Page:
Collapse of a protector species drives secondary endangerment in waterbird communities

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dc.contributor.author Poysa, Hannu
dc.contributor.author Lammi, Esa
dc.contributor.author Poysa, Silvo
dc.contributor.author Vaananen, Veli-Matti
dc.date.accessioned 2020-12-18T02:53:08Z
dc.date.available 2021-12-17T22:45:41Z
dc.date.issued 2019-02
dc.identifier.citation Poysa , H , Lammi , E , Poysa , S & Vaananen , V-M 2019 , ' Collapse of a protector species drives secondary endangerment in waterbird communities ' , Biological Conservation , vol. 230 , pp. 75-81 . https://doi.org/10.1016/j.biocon.2018.12.016
dc.identifier.other PURE: 125081060
dc.identifier.other PURE UUID: c7bfd4fd-8868-4dad-9392-cf59a928ed0f
dc.identifier.other WOS: 000468703700011
dc.identifier.other Scopus: 85058554177
dc.identifier.uri http://hdl.handle.net/10138/323369
dc.description.abstract Interactions and dependence between species can transmit the effects of species declines within and between trophic levels, resulting in secondary endangerments and, in some cases, extinctions. Many mixed-species avian breeding aggregations commonly have a protector species whose aggressive nest defense is used by other species to defend their nests. Disappearance of the protector species may have population demographic consequences on the dependent species. Aggressive nest defense behavior of small colonial gulls, such as the black-headed gull (Chroicocephalus ridibundus), is used by many waterbird species to gain protection against predators. We used data from 15 local waterbird communities in Finland to study long-term changes and dynamics of breeding numbers of other waterbirds as a response to long-term changes and dynamics of black-headed gull colonies. We found that breeding numbers of many species tracked long-term changes in the size of black-headed gull colonies. This was true even after controlling for a common trend in the size of the black-headed gull colony and the breeding numbers of the other species. The trend-controlled positive temporal association with black-headed gull was relatively stronger in species that nest in similar habitats of a lake as the black-headed gull, and in species that have a more critical conservation status due to drastic population decline. Our results suggest that the overall decline of black-headed gull colonies has resulted in secondary endangerment of many other species in waterbird communities. en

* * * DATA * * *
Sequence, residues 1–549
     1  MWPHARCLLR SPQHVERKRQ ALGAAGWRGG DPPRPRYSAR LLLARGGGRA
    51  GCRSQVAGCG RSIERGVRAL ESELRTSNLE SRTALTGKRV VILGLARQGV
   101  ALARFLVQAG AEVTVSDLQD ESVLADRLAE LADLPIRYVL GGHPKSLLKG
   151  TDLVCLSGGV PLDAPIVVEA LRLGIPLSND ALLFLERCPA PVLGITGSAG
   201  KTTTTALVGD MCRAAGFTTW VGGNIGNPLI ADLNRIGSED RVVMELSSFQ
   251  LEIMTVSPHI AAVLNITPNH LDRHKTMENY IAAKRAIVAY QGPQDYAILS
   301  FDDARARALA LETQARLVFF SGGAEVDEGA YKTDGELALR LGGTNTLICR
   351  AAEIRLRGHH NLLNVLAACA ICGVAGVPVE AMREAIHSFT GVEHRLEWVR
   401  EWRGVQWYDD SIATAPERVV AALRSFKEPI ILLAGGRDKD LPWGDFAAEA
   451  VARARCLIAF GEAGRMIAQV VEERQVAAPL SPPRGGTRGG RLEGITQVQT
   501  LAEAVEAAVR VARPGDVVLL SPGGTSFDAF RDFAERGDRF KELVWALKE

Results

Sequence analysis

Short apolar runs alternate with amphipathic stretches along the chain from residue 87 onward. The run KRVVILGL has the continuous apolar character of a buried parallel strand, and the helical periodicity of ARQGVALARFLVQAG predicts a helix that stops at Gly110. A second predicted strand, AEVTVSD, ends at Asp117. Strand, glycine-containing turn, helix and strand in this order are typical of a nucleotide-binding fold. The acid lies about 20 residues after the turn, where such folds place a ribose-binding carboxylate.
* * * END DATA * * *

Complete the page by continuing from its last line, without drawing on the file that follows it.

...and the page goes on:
dc.format.extent 7
dc.language.iso eng
dc.relation.ispartof Biological Conservation
dc.rights cc_by_nc_nd
dc.rights.uri info:eu-repo/semantics/openAccess
dc.subject Conservation status
dc.subject Gull colony
dc.subject Population trend
dc.subject Secondary endangerment
dc.subject Species interaction
dc.subject Threatened species
dc.subject MANN-KENDALL
dc.subject LARUS-RIDIBUNDUS
dc.subject EURASIAN WIGEON
dc.subject GULL COLONIES
dc.subject POPULATION
dc.subject DUCKS
dc.subject ASSOCIATION
dc.subject PREDATORS
dc.subject ABUNDANCE
dc.subject REMOVAL
dc.subject 1181 Ecology, evolutionary biology
dc.subject 119 Other natural sciences
dc.title Collapse of a protector species drives secondary endangerment in waterbird communities en
dc.type Article
dc.contributor.organization Department of Forest Sciences
dc.contributor.organization Wetland Ecology Group
dc.contributor.organization Forest Ecology and Management
dc.description.reviewstatus Peer reviewed
dc.relation.doi https://doi.org/10.1016/j.biocon.2018.12.016
dc.relation.issn 0006-3207
dc.rights.accesslevel openAccess
dc.type.version acceptedVersion

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